[sourced from New Scientist]
The future of augmented-reality technology is here – as long as you’re a rabbit. Bioengineers have placed the first contact lenses containing electronic displays into the eyes of rabbits as a first step on the way to proving they are safe for humans. The bunnies suffered no ill effects, the researchers say.
The first version may only have one pixel, but higher resolution lens displays – like those seen in Terminator – could one day be used as satnav enhancers showing you directional arrows for example, or flash up texts and emails – perhaps even video. In the shorter term, the breakthrough also means people suffering from conditions like diabetes and glaucoma may find they have a novel way to monitor their conditions.
In February, New Scientist revealed the litany of research projects underway in the field of contact lens enhancement. While one company has fielded a contact lens technology using a surface-mounted strain gauge to assess glaucoma risk, none have built in a display, or the lenses needed for focused projection onto the retina – and then tested it in vivo. They have now.
“We have demonstrated the operation of a contact lens display powered by a remote radiofrequency transmitter in free space and on a live rabbit,” says a US and Finnish team led by Babak Praviz of the University of Washington in Seattle.
“This verifies that antennas, radio chips, control circuitry, and micrometre-scale light sources can be integrated into a contact lens and operated on live eyes.”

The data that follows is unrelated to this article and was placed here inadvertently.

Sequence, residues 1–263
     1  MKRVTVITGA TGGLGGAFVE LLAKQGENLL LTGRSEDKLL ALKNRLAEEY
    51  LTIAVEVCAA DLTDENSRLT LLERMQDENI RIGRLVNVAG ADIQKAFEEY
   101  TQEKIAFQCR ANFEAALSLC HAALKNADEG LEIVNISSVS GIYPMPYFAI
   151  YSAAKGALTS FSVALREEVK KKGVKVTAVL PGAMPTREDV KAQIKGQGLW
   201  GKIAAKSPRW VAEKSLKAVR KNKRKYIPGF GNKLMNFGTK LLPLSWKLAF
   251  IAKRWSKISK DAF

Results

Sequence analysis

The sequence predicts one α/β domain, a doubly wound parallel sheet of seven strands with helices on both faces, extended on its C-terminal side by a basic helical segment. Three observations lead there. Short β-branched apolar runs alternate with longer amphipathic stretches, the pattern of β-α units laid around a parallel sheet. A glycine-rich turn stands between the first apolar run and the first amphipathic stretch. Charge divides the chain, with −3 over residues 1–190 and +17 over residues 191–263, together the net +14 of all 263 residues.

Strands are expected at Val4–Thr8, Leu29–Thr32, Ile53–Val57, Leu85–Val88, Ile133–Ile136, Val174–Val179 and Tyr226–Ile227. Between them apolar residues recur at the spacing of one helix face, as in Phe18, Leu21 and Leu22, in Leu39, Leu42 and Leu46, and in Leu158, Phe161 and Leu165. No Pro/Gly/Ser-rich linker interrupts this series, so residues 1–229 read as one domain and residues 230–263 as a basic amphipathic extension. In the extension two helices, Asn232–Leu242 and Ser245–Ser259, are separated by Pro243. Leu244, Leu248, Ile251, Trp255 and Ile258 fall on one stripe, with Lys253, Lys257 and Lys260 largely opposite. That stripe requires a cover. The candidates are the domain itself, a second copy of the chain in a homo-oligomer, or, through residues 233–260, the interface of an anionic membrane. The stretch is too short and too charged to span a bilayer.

I’ll be back: Could electronic contact lenses give humans Terminator-like vision in the future?(Image: Solent News & Photo Agency/Rex Features)
The test lens was powered remotely using a 5-millimetre-long antenna printed on the lens to receive gigahertz-range radio-frequency energy from a transmitter placed ten centimetres from the rabbit’s eye. To focus the light on the rabbit’s retina, the contact lens itself was fabricated as a Fresnel lens – in which a series of concentric annular sections is used to generate the ultrashort focal length needed.
They found their lens LED glowed brightly up to a metre away from the radio source in free space, but needed to be 2 centimetres away when the lens was placed in a rabbit’s eye and the wireless reception was affected by body fluids. All the 40-minute-long tests on live rabbits were performed under general anaesthetic and showed that the display worked well – and fluroescence tests showed no damage or abrasions to the rabbit’s eyes after the lenses were removed.
While making a higher resolution display is next on their agenda, there are uses for this small one, say the researchers: “A display with a single controllable pixel could be used in gaming, training, or giving warnings to the hearing impaired.”
“This is clearly way off in the future. But we’re aware of the research that is ongoing in this field and we’re watching the technology’s potential for biosensing and drug delivery applications in particular,” says a spokesperson for the British Contact Lens Association in London.